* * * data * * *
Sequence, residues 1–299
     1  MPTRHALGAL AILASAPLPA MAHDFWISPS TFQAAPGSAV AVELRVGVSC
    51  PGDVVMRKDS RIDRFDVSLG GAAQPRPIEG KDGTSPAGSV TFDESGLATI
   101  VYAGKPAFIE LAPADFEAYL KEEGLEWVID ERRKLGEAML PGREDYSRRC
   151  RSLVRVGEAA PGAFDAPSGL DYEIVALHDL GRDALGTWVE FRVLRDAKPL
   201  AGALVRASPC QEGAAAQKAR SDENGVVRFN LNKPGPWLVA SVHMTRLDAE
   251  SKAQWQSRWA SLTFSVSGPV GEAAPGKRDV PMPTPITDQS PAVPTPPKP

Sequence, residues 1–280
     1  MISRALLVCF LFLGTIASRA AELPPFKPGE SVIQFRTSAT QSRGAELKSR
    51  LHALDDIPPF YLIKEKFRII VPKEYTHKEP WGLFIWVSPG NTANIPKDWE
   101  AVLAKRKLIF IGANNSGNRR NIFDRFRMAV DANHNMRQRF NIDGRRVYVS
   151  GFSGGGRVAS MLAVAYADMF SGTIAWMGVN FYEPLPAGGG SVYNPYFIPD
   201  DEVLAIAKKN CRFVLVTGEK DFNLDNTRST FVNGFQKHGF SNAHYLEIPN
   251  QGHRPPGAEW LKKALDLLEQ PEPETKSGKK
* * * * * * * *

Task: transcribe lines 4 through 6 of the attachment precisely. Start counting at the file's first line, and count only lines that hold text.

   101  VYAGKPAFIE LAPADFEAYL KEEGLEWVID ERRKLGEAML PGREDYSRRC
   151  RSLVRVGEAA PGAFDAPSGL DYEIVALHDL GRDALGTWVE FRVLRDAKPL
   201  AGALVRASPC QEGAAAQKAR SDENGVVRFN LNKPGPWLVA SVHMTRLDAE